Secretary of State

Charles D. Arnett

Term of OfficeJanuary 1, 1936 - January 1, 1940
Significant AccomplishmentsAs a State Senator, he sponsored legislation that made it a felony to carry a concealed deadly weapon and a bill to regulate mines and mining.
Governor during his term of OfficeGov. A. B. "Happy" Chandler; Gov. Keen Johnson*
EducationSalyersville High School (Magoffin County, Kentucky); Hazel Green Academy (Wolfe County, Kentucky)
Spouse(s)Amanda Helen Mann
ChildrenHarold, Earl, O.B., Mable, & unk dau
ParentsPhilip & Elizabeth (McQuinn) Arnett
ResidenceKentucky (Buechel, Jefferson County)
OccupationSalesman; Teacher; Attorney
Birth Date3/9/1879
Birth PlaceKentucky (Hendricks, Magoffin County)
Date of Death12/5/1940
Place of DeathKentucky (Louisville, Jefferson County)
Cause of DeathStroke (possibly induced by strenuous exertion in fighting a fire at his home)
Place of BurialKentucky (Resthaven Cemetery, Louisville, Jefferson County)
National OfficesSecretary of National Boxing Commission
Other State Offices HeldSecretary of the Athletic Board; Secretary of Kentucky State Board of Barbers & Beauticians Examiners; Kentucky Senate

Charles D. Arnett, Secretary of State for the Commonwealth of Kentucky, 1936-40, was born on March 9, 1879, in Hendricks, Ky., to Philip and Elizabeth Miranda (McQuinn) Arnett. He was educated at the high school in Salyersville and at Hazel Green Academy, which was located near the farm where he grew up. He came from a family that was sometimes called “the largest Democratic family in Kentucky.” On April 18, 1898, he married Amanda Helen Mann of Menifee County, Kentucky. They had five children: Harold G. (attorney), Dr. Earl T., Dr. O. B., Mrs. W. B. Cunningham, and Mable (Mrs. Charles F.) Frick.

Arnett held many positions during his lifetime. He had been a clerk on a steamboat, a traveling salesman, and a teacher in the counties of Magoffin and Morgan before opening a law practice in West Liberty. He made his political debut in 1913 when he was elected to the State Senate. There, he sponsored a bill that made it a felony to carry a concealed deadly weapon and a bill to regulate mines and mining. After serving one term in the Senate, he moved to Louisville, where he opened a law practice. Later, Governor W. J. Fields appointed him secretary of the State Athletic Board, and while holding that post, he was named secretary of the National Boxing Commission. He also became secretary of the Kentucky State Board of Barbers and Beauticians Examiners.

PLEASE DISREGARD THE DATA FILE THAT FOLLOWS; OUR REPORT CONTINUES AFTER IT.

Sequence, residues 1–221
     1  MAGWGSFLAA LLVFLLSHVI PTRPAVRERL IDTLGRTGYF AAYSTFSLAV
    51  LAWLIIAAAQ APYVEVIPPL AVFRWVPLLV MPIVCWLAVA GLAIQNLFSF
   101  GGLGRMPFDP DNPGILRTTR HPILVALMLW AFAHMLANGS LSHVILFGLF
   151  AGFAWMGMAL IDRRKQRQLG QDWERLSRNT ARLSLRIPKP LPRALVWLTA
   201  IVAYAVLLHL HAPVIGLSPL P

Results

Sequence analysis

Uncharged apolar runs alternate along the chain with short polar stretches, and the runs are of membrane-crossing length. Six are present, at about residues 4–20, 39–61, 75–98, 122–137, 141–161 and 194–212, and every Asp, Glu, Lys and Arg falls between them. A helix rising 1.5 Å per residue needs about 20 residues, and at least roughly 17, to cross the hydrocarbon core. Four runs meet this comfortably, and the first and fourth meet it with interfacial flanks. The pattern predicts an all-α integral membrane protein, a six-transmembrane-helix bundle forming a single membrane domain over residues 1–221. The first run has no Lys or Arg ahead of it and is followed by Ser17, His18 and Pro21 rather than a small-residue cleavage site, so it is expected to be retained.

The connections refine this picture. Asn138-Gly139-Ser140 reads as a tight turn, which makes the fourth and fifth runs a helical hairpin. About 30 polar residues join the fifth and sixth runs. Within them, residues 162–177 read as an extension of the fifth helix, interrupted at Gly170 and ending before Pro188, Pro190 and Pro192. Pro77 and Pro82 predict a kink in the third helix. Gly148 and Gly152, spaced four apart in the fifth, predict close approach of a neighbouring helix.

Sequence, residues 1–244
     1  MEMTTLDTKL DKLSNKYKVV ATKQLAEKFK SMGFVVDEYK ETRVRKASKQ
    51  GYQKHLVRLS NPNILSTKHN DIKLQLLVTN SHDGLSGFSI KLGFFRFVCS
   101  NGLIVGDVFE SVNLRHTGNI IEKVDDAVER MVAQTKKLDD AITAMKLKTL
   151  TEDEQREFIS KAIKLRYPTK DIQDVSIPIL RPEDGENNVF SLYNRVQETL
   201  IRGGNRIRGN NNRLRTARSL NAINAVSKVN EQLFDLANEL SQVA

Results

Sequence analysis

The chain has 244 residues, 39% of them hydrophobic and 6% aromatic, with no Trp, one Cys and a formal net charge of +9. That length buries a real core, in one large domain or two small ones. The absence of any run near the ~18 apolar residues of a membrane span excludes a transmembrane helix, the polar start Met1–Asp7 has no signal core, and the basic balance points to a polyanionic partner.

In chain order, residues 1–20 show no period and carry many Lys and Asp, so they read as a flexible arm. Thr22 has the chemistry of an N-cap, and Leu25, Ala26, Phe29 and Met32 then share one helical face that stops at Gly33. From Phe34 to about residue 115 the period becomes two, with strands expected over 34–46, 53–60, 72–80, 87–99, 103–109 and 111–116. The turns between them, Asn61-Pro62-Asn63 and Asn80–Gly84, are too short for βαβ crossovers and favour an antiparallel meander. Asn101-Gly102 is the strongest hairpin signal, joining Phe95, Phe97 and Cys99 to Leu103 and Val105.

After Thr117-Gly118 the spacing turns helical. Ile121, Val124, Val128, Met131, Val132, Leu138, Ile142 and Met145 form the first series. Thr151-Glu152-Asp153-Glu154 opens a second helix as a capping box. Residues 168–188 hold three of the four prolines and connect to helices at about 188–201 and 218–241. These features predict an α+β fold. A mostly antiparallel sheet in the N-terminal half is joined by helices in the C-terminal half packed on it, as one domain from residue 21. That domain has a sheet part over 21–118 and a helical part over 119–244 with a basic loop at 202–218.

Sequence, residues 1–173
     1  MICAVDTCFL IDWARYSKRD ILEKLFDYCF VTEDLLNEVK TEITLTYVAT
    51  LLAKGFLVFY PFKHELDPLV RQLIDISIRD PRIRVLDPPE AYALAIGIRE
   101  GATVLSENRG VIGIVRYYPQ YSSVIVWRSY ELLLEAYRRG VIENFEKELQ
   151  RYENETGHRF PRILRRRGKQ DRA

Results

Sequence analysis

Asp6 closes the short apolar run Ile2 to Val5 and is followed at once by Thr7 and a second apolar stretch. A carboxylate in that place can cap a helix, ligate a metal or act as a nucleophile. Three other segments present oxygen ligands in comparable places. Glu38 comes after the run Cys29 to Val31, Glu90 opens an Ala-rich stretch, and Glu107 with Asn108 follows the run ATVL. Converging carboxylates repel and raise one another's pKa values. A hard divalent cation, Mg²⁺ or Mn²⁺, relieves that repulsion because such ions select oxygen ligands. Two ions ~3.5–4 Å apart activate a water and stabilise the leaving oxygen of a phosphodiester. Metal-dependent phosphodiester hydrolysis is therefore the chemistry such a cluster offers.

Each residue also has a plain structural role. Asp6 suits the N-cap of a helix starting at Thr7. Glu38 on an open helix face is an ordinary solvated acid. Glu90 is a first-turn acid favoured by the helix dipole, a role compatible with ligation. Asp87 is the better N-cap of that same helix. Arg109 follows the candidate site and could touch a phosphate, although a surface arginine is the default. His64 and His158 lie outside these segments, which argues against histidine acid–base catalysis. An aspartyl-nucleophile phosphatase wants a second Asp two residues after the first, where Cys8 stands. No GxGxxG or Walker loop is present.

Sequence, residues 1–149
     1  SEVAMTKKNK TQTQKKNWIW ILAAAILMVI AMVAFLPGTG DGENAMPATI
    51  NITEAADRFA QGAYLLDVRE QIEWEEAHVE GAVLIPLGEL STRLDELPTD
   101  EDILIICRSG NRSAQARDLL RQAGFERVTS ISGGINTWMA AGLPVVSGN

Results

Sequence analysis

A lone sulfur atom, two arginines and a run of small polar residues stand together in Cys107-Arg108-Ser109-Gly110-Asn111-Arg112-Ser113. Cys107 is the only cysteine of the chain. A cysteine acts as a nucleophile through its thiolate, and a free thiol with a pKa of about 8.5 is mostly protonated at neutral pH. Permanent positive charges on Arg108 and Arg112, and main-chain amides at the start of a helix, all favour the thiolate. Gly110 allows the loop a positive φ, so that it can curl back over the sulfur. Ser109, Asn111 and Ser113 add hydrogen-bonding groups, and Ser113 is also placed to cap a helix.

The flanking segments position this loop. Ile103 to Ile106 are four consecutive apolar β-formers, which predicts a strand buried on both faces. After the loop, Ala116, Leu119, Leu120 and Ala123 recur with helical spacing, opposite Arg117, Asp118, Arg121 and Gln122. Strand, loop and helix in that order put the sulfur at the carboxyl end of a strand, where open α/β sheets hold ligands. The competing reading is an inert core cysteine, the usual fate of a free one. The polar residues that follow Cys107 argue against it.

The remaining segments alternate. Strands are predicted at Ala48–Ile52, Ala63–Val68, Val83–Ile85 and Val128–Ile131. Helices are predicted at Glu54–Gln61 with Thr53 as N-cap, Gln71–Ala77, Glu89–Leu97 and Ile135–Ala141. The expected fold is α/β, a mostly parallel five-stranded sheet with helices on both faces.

In 1935, Arnett was elected Secretary of State and served during the administration of Governor A. B. “Happy” Chandler. At the end of the term, he ran for the Democratic gubernatorial nomination on a platform strongly supporting the New Deal, but he was defeated.

On December 3, 1940, Arnett died at his daughter’s home in Louisville after having a stroke the previous night. A few days before, he had suffered from the effects of strenuous exertion in fighting a fire that seriously damaged his home in Buechel. He was buried in Resthaven Cemetery in Louisville on December 5, 1940.


"Louisville Courier-Journal," December 4, 1940;

Southard, Mary Young, and Miller, Ernest C., "Who’s Who in Kentucky: A Biographical Assembly of Notable Kentuckians," (Louisville, 1936).